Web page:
Editor's note: This story was originally published February 12, 2007
A federal judge in New York on Tuesday ruled that Anchorage attorney Jim Gottstein, a New York Times reporter and a doctor conspired to steal documents about the controversial drug Zyprexa and then publicize what the papers said.
Senior U.S. District Judge Jack Weinstein ordered eight individuals, including Gottstein and Dr. David Egilman of Massachusetts, to return any documents they still have and not to distribute them further. The order did not cover New York Times reporter Alex Berenson because the drug's manufacturer, Eli Lilly, chose not to challenge him. The judge also conceded he could not call back material that had already gone up on Web sites.
"We feel absolutely vindicated," said Lilly spokeswoman Marni Lemons about the ruling.
Both sides said they may appeal. Lilly wanted the judge permanently to bar several specific Web sites from publishing the documents. Gottstein said he vigorously disputes the findings in the 78-page order.
"The Internet, with its almost infinitely complex worldwide web of strands and nodes, is a major modern tool of free speech and freedom both here and abroad," Weinstein wrote. The government should be hesitant to try to control it, he wrote.
Enforcement of the order is on hold for 10 days.
The drug company records were sealed in a massive court case over Zyprexa. Gottstein got copies by subpoenaing them from Egilman, an expert in that case. He then provided the documents to the Times. The paper reported the records showed a decade-long effort to downplay the drug's health risks to protect sales.
Zyprexa, approved for treatment of schizophrenia and bipolar disorder, is Eli Lilly's top-selling drug. It's linked to weight gain in significant numbers of patients, and there are allegations that it also increases the risk of diabetes. Lilly says that's not proven and calls the drug a lifesaver for many.
The judge concluded that Berenson, Egilman and Gottstein "conspired to obtain and publish documents in knowing violation of a court order not to do so, and that they executed the conspiracy using other people as their agents in crime," the order said.
Gottstein on Tuesday maintained that he lawfully obtained the documents for an Alaska case he is involved in by serving a subpoena on Egilman.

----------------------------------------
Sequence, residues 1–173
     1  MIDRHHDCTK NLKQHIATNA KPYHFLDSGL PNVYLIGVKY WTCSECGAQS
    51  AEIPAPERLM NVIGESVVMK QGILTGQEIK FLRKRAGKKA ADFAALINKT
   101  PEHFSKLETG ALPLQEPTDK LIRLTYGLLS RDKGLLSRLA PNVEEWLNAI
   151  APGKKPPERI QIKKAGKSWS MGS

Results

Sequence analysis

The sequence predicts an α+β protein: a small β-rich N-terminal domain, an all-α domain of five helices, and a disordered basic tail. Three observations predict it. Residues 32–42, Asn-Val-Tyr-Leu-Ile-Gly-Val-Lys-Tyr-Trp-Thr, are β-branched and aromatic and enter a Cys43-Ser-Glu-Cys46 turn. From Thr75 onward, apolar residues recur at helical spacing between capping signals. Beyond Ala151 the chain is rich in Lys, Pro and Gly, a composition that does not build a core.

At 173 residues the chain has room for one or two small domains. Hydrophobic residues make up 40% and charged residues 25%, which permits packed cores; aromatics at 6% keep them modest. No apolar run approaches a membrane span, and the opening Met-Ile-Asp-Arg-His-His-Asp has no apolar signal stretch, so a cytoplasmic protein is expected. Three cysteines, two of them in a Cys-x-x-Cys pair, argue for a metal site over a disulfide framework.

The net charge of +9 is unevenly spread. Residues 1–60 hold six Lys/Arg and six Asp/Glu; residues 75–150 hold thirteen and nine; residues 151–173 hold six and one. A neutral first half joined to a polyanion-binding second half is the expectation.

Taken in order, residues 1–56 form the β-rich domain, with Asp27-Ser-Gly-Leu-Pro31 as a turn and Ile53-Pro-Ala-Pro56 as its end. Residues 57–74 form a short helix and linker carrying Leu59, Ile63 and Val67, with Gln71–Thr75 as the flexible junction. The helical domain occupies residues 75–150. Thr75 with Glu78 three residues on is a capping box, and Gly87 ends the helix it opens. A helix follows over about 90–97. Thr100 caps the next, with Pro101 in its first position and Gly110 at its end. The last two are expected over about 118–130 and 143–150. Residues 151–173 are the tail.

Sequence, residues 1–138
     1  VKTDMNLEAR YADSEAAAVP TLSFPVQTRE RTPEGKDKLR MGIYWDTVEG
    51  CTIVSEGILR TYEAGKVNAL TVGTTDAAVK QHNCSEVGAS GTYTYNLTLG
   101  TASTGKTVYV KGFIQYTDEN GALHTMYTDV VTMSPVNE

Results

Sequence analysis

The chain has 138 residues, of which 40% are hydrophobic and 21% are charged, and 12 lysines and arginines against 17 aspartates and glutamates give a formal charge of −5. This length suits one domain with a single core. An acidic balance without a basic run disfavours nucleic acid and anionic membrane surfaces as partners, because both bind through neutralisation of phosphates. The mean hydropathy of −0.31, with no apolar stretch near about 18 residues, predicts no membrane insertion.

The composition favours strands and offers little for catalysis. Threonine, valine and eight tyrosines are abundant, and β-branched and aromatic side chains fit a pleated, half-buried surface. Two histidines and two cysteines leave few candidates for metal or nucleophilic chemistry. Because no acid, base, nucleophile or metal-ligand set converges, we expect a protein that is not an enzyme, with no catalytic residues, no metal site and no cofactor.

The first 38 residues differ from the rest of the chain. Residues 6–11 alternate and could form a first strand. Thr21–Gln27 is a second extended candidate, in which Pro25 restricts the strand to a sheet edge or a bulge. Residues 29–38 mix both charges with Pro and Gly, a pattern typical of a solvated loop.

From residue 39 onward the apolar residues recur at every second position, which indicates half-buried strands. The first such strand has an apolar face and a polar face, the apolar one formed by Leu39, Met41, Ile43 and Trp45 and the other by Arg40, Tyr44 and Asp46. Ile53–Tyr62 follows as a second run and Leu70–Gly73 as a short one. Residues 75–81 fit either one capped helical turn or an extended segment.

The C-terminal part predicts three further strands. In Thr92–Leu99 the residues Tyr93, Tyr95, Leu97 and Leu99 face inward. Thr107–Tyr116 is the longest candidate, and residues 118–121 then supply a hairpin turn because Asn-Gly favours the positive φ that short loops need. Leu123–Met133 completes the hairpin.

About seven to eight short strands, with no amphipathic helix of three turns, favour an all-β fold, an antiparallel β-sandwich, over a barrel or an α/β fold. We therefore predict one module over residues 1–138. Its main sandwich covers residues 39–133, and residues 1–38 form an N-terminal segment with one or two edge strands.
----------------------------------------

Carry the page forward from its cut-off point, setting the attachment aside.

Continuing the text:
"His conclusion that there is a conspiracy makes no sense because if anybody wanted to violate the order, there was no reason to go this subpoena route," Gottstein said. If the trio didn't care about following the rules, he said, the records could have simply been slipped to the reporter.
The judge says the trio should have asked him first.
The documents include "a substantial number whose publication would be annoying, embarrassing, oppressive, and burdensome to Lilly; they reveal trade secrets, confidential preliminary research, development ideas, commercial information, product planning and employee training techniques," the judge found.
Egilman, board certified in internal medicine, was hired by plaintiffs suing Eli Lilly.
The judge's order describes how Egilman and Berenson enlisted Gottstein to get the records out through an unrelated court case. Editor's note: This story was originally published February 14, 2007
Gottstein, representing an Alaska Psychiatric Institute patient, sent Egilman two subpoenas. Egilman began transferring files electronically on Dec. 12, and Gottstein started making copies right away.
"I had my laptop burning DVDs and my main computer burning DVDs, another laptop ... ," according to testimony by Gottstein quoted in the order. Gottstein then gave access to the files to The New York Times.
He estimated there were a few thousand pages of records. Overall, there are about 15 million documents in the New York case.
"We've said all along documents were intentionally cherry picked by these people who are our adversaries ... ," Lemons said.
Within days, The New York Times began publishing a string of Zyprexa stories alleging Lilly hid the truth about a harmful medicine.
The records also went to a National Public Radio reporter, congressional aides, a book author and others, including leaders of mental health advocacy organizations.
Lilly still intends to file a motion seeking sanctions against Gottstein, Lemons said.
The International Center for the Study of Psychiatry and Psychology -- of which Gottstein is a board member -- has established a legal defense fund for him.
Daily News reporter Lisa Demer can be reached at firstname.lastname@example.org and 257-4390.